Your learning will consist of a number of steps, called ‘units of competency’ or ‘competencies’. A competency is the knowledge and skill required to carry out an aspect of your job, or training at the level or standard required.
If you are competent in a task, it means: • You can carry out the task correctly • You understand what the task is about and why you need to do it that was • You know what to do if something goes wrong while you’re doing it • You know how to apply what you’ve learned in one situation to another situation.
We ask you to answer set questions and complete a range of tasks and activities which we assess.
Let’s look at an example: getting a driver’s licence.
Let’s say that I want to get my driver’s licence. I have been taught by my dad and have had lots of practice. I walk into the Roads and Maritime Service (RMS), and when my number is called I say that I want my driver’s licence, because I know I can drive. Do you think that the RMS would, at this point, simply give me a licence? I should hope not!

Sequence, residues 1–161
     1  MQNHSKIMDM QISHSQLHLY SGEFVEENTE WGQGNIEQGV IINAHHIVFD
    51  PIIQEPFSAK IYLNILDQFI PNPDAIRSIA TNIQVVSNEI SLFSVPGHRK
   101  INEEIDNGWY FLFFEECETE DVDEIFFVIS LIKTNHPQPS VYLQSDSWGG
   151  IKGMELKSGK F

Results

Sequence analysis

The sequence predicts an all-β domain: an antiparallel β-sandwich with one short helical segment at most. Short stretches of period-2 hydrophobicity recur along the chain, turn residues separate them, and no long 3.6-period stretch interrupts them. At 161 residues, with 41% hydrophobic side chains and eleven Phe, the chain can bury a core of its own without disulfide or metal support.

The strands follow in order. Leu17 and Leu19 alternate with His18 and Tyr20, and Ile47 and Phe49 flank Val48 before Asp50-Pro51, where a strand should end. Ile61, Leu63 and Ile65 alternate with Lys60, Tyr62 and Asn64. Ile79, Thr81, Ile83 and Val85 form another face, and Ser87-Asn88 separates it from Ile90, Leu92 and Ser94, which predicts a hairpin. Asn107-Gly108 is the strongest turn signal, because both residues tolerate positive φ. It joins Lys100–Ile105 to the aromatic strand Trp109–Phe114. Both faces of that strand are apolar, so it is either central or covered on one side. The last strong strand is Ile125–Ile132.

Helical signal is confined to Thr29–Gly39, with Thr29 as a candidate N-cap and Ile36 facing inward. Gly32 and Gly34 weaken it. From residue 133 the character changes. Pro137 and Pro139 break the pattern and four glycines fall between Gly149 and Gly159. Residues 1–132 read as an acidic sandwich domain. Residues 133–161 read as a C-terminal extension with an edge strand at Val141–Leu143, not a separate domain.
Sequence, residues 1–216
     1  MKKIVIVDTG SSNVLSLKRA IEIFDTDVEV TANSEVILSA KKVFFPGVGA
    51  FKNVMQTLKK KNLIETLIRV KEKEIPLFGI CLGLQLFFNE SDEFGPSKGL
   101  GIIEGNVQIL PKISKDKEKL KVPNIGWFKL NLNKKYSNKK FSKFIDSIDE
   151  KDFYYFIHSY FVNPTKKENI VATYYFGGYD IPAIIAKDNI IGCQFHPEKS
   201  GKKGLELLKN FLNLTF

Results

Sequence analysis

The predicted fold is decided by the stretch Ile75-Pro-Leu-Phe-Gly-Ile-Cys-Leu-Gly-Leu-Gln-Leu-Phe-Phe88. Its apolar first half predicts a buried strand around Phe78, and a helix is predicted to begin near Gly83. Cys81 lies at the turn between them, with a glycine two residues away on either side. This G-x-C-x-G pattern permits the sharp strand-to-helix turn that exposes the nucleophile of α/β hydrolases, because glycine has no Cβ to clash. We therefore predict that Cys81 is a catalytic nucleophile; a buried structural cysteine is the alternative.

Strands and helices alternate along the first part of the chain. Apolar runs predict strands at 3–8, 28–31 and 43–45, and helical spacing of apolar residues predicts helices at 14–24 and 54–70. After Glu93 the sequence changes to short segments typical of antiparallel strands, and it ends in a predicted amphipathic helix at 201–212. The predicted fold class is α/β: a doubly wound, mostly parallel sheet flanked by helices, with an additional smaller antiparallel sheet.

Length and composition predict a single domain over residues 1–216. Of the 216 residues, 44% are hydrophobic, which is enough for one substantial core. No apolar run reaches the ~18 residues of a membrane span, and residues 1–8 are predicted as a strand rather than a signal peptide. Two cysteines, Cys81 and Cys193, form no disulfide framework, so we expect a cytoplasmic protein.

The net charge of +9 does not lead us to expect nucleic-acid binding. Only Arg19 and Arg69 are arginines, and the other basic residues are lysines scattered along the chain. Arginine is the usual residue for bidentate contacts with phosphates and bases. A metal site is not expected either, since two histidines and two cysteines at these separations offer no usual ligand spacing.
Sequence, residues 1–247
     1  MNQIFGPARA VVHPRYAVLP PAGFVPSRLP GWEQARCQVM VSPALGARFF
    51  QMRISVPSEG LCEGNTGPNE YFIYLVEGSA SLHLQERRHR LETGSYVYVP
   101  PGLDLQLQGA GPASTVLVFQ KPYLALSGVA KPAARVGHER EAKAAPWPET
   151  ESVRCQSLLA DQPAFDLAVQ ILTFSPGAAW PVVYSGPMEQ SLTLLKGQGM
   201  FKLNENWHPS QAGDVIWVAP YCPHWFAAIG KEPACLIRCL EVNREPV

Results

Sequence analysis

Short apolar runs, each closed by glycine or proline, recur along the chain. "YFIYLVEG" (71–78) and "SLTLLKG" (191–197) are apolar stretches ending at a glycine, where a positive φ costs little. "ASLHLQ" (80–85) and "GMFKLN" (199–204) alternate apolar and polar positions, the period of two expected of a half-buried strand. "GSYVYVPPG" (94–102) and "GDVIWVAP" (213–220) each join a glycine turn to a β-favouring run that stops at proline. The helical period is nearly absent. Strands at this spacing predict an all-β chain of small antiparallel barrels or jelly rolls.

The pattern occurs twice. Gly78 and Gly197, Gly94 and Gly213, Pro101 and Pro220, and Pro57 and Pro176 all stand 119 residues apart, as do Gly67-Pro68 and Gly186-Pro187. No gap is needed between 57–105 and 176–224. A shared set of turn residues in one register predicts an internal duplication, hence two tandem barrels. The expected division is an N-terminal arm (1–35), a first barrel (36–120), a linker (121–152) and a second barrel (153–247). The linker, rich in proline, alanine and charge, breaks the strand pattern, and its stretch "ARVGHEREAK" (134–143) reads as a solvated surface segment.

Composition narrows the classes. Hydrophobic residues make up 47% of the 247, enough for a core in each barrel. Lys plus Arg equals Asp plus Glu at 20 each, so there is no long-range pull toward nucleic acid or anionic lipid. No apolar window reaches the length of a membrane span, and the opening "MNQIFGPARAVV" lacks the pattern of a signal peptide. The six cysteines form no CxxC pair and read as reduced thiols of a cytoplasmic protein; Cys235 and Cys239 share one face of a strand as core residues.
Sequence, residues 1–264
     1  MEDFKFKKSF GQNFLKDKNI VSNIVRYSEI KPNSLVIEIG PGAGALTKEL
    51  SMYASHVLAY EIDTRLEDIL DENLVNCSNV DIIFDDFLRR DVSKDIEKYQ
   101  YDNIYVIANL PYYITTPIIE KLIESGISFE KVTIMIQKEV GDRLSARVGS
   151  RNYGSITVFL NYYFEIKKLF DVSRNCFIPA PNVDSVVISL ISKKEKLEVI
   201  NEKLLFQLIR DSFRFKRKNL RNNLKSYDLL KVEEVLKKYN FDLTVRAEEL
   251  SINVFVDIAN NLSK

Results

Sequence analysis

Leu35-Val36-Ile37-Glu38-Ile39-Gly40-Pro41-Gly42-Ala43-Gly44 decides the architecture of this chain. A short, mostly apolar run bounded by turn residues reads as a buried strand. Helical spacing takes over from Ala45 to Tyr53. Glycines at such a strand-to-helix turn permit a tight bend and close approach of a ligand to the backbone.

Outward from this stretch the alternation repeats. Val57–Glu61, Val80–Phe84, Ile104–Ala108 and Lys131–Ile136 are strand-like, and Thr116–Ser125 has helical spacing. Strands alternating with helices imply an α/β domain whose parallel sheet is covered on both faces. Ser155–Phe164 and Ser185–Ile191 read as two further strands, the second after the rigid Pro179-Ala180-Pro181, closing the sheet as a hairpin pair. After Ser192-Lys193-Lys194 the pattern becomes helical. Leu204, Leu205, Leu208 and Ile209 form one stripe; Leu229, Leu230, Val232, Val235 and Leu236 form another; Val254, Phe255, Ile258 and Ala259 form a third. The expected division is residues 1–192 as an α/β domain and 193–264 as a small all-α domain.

They would use a number of methods that give me the opportunity to prove to them that I am indeed capable of driving:
When assessing your competency for your course we use a number of these methods at different times. Just as with getting your driver’s licence, you need to prove to us that you have the competency required; it is not enough for you to just say that you do (not that we don’t believe you, we just need to make sure before we give you your certificate).
Assessment is an important part of the learning process. It gives you feedback on your progress – letting you know your areas of accomplishment and pointing out if there are any parts of the learning process where you need to do some more work.
The outcome of the assessment of a competency is either Competent or Not Competent. If the assessor decides that you are Not Competent, they will explain that to you and what is needed for you to be assessed as Competent.
You will then have an opportunity to resubmit your assessment.